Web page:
Like many people, my first exposure to mantras was through yoga, but over the years I’ve found them useful for focusing my thoughts and reminding myself of things that are easily forgotten in moments of discomfort. They’ve been on my mind lately, and were very useful in helping me through a few tough months of training through pain. At the same time, I’ve noticed some backlash toward mantras. When I posted an instagram photo of reminders I placed on my yoga mat to stay centered during my practice and another of mantras written on my arm before a long run, someone commented that such things were ‘adolescent.’ More recently, Pat Robertson warned his followers of the dangers of mantras. Neither strike me as reliable sources, but they did prompt me to look into how they can be useful for athletes.
It turns out there’s evidence that positive self-talk (which is often implemented by choosing one or two mantras that can be repeated to yourself) is associated with performance gains for athletes. As an example, Alex Hutchinson reported in a Sweat Science column about a study in which cyclists were given two weeks of self-talk training. When asked to cycle to exhaustion those who had received the training showed an 18% improvement in time-to-exhaustion (compared to no gain for a control group). They also reported slower increases in perceived effort. The training involved trying out and then practicing four motivational phrases during training – two used during the early parts of training and two for later in their training session.
More recently, distance runner Heidi Greenwood has written about how mantras help her in her training and racing. She emphasizes two points that are worth noting: you have to practice your mantras for them to work, and they have to be something you can believe (so she tells herself she’s fine, not that she’s awesome or that the workout is a piece of cake).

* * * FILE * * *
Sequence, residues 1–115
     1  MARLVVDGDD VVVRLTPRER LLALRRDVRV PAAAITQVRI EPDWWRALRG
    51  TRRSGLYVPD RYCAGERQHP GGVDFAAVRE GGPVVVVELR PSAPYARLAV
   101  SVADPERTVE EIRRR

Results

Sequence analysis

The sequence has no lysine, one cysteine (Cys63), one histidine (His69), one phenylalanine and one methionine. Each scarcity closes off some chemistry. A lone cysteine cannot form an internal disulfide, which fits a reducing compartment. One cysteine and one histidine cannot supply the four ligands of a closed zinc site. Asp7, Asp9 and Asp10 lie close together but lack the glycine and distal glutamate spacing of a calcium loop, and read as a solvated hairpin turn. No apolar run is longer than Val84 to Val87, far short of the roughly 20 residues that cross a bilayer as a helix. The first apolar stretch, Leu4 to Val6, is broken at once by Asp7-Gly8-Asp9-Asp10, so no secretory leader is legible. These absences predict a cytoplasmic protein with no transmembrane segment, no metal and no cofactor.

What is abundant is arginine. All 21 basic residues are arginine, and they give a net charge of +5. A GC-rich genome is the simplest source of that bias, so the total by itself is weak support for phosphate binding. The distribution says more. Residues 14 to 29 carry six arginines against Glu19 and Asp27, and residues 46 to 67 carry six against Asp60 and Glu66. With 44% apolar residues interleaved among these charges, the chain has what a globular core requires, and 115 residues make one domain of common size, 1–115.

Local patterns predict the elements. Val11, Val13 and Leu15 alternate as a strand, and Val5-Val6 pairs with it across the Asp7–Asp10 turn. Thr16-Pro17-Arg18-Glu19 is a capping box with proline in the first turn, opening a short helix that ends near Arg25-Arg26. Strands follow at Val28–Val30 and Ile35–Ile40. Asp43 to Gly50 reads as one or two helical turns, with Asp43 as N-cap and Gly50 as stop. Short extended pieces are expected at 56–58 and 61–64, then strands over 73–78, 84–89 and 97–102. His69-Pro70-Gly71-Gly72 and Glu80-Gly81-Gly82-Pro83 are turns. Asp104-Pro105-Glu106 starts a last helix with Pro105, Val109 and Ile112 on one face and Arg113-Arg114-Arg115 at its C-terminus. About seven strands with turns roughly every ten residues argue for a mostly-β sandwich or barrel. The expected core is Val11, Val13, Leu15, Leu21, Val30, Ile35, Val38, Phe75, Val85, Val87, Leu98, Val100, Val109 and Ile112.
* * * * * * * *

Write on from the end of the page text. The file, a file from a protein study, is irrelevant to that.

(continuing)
So, with less than 3 weeks to go until my first Boston Marathon, and training an ongoing, rough combination of good days and unexpected set-backs, I’m doubling-down. I’m focusing on my mental training even as I approach the physical taper to race-day. I’m trying out some new mantras and dusting off some old ones. I still have plenty of hard runs over the next couple of weeks to see which ones speak to me, and which ones I need to leave behind when I head to the starting line.
And in the meantime, when some of my runs aren’t going according to plan, I’m continually reminding myself of the wise words of my trainer: only one run counts. The training runs – good and bad – are great preparation. But in the end, its what I do on race day that I’ll remember.